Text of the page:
Lay-off warning as clamp 'hurts' hotels
Manama, April 19, 2009
Hotels have warned that hundreds of staff could be laid off as a result of a new tourism clampdown by the Bahrain government.
Our sister newspaper Gulf Daily News reported on Friday that one and two-star hotels were now banned from serving alcohol.
The Culture and Information Ministry has also banned them from recruiting musicians from abroad and ordered them to halt all live entertainment.
Sources said 39 hotels had been notified of the new rules on Thursday - just a day before they were implemented.
However, some hoteliers yesterday claimed business would be hit hard and warned that many of their staff now faced the sack.
They also expressed concern that the decision was taken just a week before the Gulf Air Bahrain Grand Prix, meaning they could miss out on lucrative business generated by the race.
Al Yamama Plaza Hotel accountant Deny Thomas said two ministry employees walked into the hotel on Thursday to break the news.
'All our customers left Friday morning after they heard about the ban because they wanted alcohol and now we only have a few customers left,' he told the newspaper yesterday.
'We now have around 100 employees who are currently not working and our three outlets are closed.'
Thomas said staff had now been sent on emergency leave and the management was taking steps to upgrade the hotel's facilities to three-star, in the hope of again qualifying for an alcohol and entertainment licence.
However, Bab Al Bahrain Hotel outlet manager Louis D'souza said the hotel's business had disappeared overnight.
He said the management was now struggling to come up with a plan to 'save' the hotel.
'Most of our staff are out of jobs because our outlets are closed and we do not know what to do,' he said.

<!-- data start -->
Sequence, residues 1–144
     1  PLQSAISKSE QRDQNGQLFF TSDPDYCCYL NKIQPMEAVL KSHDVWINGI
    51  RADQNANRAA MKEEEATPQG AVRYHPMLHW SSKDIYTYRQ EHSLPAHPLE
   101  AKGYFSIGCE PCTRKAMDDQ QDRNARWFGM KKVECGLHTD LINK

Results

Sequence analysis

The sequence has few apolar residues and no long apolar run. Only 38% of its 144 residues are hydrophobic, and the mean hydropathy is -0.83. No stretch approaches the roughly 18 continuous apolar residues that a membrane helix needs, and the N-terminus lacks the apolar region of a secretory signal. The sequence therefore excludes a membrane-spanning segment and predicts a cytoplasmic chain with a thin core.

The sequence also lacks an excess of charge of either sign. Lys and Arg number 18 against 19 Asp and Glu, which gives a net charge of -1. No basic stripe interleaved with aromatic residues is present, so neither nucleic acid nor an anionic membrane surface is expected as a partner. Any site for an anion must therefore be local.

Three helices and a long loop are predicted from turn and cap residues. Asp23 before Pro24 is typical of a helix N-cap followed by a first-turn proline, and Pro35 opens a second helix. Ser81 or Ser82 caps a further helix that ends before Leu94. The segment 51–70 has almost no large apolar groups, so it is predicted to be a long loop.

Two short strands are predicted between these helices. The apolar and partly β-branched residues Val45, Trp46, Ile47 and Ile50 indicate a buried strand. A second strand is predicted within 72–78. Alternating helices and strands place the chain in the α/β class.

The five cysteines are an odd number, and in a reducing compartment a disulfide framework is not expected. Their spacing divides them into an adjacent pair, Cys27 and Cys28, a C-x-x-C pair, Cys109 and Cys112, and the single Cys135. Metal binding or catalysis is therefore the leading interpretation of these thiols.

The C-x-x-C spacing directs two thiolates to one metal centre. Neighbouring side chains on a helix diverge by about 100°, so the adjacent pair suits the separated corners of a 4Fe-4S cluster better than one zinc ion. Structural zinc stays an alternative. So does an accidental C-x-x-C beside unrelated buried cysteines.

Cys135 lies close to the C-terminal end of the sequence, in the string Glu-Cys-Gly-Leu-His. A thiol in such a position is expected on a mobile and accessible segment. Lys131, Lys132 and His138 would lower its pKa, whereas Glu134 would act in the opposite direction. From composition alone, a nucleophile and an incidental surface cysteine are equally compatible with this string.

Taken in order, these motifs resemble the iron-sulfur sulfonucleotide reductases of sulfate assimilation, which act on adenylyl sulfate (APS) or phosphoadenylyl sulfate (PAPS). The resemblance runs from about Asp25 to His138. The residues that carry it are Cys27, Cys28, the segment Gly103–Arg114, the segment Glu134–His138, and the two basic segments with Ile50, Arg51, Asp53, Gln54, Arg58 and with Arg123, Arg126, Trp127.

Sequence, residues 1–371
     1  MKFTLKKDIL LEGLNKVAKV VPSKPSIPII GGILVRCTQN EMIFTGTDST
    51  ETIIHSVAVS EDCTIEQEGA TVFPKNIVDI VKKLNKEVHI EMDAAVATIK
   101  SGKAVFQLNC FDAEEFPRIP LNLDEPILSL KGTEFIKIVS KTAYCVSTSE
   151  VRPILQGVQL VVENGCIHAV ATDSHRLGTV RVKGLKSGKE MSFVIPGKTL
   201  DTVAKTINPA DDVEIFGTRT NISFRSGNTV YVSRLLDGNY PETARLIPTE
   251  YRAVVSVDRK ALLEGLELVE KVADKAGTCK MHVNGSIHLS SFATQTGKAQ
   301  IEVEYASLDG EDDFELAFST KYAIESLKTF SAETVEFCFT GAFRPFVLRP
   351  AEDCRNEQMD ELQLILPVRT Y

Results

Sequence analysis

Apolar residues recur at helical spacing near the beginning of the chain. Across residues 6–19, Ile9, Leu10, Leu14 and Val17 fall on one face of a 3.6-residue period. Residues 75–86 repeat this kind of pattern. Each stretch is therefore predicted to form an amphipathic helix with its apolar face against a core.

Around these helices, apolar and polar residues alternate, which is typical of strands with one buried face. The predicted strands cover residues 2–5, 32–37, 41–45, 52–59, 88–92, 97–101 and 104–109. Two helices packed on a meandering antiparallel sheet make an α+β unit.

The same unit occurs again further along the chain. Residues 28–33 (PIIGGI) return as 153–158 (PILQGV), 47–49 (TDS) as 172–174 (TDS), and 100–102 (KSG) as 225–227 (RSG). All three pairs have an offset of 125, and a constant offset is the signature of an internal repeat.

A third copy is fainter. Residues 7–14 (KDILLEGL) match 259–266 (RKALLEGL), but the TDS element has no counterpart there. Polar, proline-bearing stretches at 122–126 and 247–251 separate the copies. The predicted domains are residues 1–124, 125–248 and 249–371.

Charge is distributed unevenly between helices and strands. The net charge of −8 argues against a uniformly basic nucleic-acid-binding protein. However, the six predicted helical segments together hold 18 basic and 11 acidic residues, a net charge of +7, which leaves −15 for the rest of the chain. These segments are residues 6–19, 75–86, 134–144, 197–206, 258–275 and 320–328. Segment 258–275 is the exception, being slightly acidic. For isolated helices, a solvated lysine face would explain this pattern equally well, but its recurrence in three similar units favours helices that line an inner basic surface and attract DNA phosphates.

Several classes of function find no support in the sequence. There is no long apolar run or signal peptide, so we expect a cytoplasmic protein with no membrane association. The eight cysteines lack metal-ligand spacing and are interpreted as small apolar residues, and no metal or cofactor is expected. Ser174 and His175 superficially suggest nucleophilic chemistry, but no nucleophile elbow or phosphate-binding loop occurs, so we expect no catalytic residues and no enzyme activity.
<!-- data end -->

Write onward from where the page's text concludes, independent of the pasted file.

'We are in a very difficult situation and currently we are thinking of what to do to save our hotel.'
D'souza criticised the lack of notice given to hotels, which he warned could face problems paying staff and honouring debts.
'The government should have given us some time at least,' he said.
'We have to pay staff, our suppliers and debts. How are we supposed to do that?
'We have been put in a very difficult situation.
'I do not know what to say. I'm thinking of my future - all the dreams I had for the hotel are in vain.'
Bahrain Carlton Hotel human resources co-ordinator Maria Clara Al Cantara revealed that she only heard about the new rules yesterday - a day after they were supposed to come into effect.
'It is too alarming,' she said. 'This ban is a big issue because it will affect all the staff.'
She feared the new alcohol and entertainment restrictions would put people off visiting the hotel, saying it depended on revenues generated by its nightspots.
'I will be saddened if it continues to be implemented and it will be a blow for all one and two-star hotels,' she said.
Al Cantara also predicted a massive decrease in the number of room guests, since there will be no entertainment on offer for them.
'The tourism sector will be affected because, obviously, these customers are coming from other GCC countries and if there is no entertainment or alcohol they will not come,' she said.
'They will rather buy their own drinks and water for 100 fils and stay in a furnished apartment.'
Aradous Hotel general manager Sami Hassan reiterated that the knock-on effect could be major, since it could mean hotels defaulting on loan repayments or other deals.
'The issue is not that we are closing our outlets and banning alcohol - it's about our staff,' he said.
'We have Bahraini employees and expat employees, most of whom support families.
'They will have to be laid off now
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